British Women's Job Satisfaction Takes a Tumble

Management Services, Autumn 2005 | Go to article overview
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British Women's Job Satisfaction Takes a Tumble


Research based on around 25,000 British women employees shows that the average level of overall satisfaction with their jobs has been falling for 15 years.

Female workers used to have significantly higher levels of job satisfaction than men, but now they have almost the same level. Men's job satisfaction has remained constant over the period.

The results may be a sign of growing pressures on women in the workplace, as they compete increasingly with men for the better jobs, especially in the professions and management. Some commentators argue that women feel increasingly stressed at work, suffering a serious drop in general sense of wellbeing. But Professor Mike Rose from the University of Bath, who carried out the research for the Economic and Social Research Council rejected that explanation: "There's no sign of a general fall in psychological well-being among women employees since 1990. We have excellent data there, and they show absolutely no change over the period. In fact, our measures of general happiness show a slight upward trend.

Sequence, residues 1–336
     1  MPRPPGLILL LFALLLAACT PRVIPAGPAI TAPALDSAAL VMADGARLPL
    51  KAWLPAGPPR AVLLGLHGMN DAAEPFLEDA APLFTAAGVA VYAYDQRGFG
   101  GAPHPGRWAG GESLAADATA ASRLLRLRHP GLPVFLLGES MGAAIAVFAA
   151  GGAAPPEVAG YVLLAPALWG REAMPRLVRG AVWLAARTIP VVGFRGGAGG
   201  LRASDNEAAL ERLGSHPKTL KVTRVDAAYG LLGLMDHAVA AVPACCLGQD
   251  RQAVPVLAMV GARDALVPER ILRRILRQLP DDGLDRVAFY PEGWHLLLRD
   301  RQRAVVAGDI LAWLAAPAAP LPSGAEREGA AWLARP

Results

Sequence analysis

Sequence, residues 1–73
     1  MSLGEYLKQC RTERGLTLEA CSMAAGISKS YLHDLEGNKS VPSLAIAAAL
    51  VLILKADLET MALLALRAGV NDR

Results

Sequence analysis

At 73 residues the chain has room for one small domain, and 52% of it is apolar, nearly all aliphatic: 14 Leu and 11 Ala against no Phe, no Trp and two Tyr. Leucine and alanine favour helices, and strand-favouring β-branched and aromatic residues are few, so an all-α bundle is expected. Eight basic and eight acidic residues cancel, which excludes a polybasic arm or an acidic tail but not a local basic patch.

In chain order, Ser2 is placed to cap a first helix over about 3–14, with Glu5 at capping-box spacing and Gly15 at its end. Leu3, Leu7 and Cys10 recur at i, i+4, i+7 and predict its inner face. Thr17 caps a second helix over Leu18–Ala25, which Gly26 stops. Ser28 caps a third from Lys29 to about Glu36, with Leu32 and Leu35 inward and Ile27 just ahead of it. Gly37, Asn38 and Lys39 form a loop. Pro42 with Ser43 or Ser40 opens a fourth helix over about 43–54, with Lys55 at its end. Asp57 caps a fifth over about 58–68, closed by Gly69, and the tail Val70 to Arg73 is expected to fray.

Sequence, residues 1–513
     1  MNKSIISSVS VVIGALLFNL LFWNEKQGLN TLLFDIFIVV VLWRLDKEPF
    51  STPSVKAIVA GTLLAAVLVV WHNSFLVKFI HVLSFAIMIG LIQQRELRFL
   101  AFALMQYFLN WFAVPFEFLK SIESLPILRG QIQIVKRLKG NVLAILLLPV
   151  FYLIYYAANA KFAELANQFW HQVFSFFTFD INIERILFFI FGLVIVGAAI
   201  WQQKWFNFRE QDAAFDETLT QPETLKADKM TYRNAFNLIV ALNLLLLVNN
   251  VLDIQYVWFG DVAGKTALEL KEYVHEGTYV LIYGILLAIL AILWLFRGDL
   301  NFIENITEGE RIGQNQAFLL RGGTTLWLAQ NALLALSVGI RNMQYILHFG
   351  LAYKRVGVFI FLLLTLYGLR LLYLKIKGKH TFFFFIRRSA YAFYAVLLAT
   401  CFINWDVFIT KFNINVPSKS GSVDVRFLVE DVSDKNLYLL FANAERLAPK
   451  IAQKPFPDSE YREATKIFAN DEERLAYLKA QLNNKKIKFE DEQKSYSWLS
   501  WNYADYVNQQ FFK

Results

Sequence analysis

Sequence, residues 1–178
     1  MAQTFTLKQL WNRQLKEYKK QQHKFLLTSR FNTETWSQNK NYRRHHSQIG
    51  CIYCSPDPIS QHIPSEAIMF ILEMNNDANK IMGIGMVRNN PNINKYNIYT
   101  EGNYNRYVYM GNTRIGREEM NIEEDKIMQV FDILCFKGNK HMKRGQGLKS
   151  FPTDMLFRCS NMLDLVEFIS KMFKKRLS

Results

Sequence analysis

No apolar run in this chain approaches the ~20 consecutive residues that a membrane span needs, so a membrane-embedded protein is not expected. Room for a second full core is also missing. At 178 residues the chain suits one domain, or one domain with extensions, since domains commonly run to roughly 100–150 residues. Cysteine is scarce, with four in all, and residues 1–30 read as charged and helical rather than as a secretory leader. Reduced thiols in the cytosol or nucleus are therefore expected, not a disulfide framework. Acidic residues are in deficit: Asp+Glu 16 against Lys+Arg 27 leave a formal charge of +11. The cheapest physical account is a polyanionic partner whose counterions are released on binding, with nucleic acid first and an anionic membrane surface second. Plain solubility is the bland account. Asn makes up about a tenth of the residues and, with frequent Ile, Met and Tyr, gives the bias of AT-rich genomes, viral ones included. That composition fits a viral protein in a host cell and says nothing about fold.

"Being unhappy at work just isn't the same as being generally unhappy. You can be dissatisfied with a job without being an unhappy person".

Satisfaction among women who work part-time has fallen more dramatically than among the full-timers. Part-time female employees were once thought of as 'grateful slaves' in a pin-money underclass, happy to take low-grade jobs for poor pay and conditions.

"If women part-timers ever had such attitudes they certainly don't have them now", said Professor Rose.

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